“More mapping would be redundant; we’re already doing it internally, we all work together with other farmers,” said Robert Purdy, who grows GE sugar beets for seed in the Willamette Valley. “If mapping were made public, nothing could stop people from pulling out those sugar beet plants.”

The company that contracts with Purdy for the seeds is a member of the Willamette Valley Specialty Seed Association, which maps more than 1,200 fields as part of a pinning system in northwestern Oregon – meaning Purdy can coordinate what to grow and where with his neighbors.

But organic farmers and other advocates say a mandatory mapping and monitoring system that covers all regions of the state and the nation is badly needed to retain crop and seed purity.


Burlington Free Press: Shumlin, Ben & Jerry’s team up in GMO fight

Terri Hallenbeck
June 16, 2014
Full Article

James Posig of Burlington was walking his dog down Church Street in Burlington on Monday afternoon when he stopped to watch a rally in front of the Ben & Jerry’s scoop shop.

Ben & Jerry’s co-founder Jerry Greenfield and Gov. Peter Shumlin were rallying interest in the state’s Food Fight Fund in defense of its new law requiring labeling of foods containing genetically modified organisms. Food manufacturers filed a lawsuit last week challenging the law, which is slated to go into effect in July 2016.

“We now need your help to beat the food manufacturers,” Shumlin said. He later said he planned to contribute to the fund but declined to say how much.

Ben & Jerry’s, which is in the process of transforming all its flavors to non-genetically modified ingredients, renamed its fudge brownie ice cream Food Fight! Fudge Brownie for the month of July. The South Burlington-based ice-cream maker will contribute $1 from each purchase at the Burlington and Waterbury scoop shops to the state’s Food Fight Fund, Greenfield announced.

Scoop shop crews then came out of the shop with trays of Food Fight! Fudge Brownie samples.

Greenfield, who sold the company to Unilever in 2000, said he had no say in the company’s decision to go non-GMO, but “I was thrilled.”

He noted that two years ago he testified on his own behalf before the Legislature in favor of GMO labeling when the company had yet to take a stand on the issue. “Now it’s all in,” he said. “I feel much happier about it.”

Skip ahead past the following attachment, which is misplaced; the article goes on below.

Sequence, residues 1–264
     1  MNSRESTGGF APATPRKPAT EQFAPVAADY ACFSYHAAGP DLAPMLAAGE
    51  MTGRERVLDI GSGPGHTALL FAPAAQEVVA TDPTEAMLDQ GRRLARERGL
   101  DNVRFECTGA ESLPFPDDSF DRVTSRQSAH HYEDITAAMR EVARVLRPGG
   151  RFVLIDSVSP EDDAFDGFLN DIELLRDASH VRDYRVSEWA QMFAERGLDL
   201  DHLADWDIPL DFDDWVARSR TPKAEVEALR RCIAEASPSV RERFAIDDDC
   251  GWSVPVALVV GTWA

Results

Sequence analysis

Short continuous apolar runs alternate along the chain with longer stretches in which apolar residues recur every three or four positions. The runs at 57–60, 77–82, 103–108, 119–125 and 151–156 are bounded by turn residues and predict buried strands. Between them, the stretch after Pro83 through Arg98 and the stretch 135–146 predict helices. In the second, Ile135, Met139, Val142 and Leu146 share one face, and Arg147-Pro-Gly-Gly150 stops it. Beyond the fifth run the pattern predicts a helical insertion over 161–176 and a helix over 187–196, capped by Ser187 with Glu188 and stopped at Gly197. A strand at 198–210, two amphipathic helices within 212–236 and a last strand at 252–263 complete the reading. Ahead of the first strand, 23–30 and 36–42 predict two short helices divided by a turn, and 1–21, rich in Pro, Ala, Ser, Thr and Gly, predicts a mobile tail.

A few feet away on Church Street, Posig was enjoying a sample of Food Fight! Fudge Brownie.

“I support it,” he said of the labeling law. “Everything should be disclosed.”

The fund, which was unveiled at the May 8 bill signing, had raised about $18,000 by the end of last week. Attorney General Bill Sorrell has estimated a lawsuit could cost up to $8 million.

“We want to raise as much as we can,” Shumlin said of the fund. “The rest we’ll do the old-fashioned way. We don’t expect to raise the whole amount.”


Vermont Attorney General’s GE Food Labeling Rule Questionnaire

The Attorney General has begun the process of drafting rules that will facilitate implementation of the newly signed VT GMO labeling law. Until the end of June, the Attorney General will begin soliciting input from the public and those who will be affected by the rules, including food processors, grocers and other retailers, the agricultural community, and consumers.

For more information, and to submit your input, visit this page.


Burlington Free Press: Trade groups sue VT over GMO labeling law

NANCY REMSEN
June 13, 2014
Full Article

Four national organizations whose members would be affected by Vermont’s new labeling law for genetically engineered foods filed a lawsuit Thursday in federal court challenging the measure’s constitutionality.

“Vermont’s mandatory GMO labeling law — Act 120 — is a costly and misguided measure that will set the nation on a path toward a 50-state patchwork of GMO labeling policies that do nothing to advance the health and safety of consumers,” the Grocery Manufacturers Association said in a statement about the lawsuit.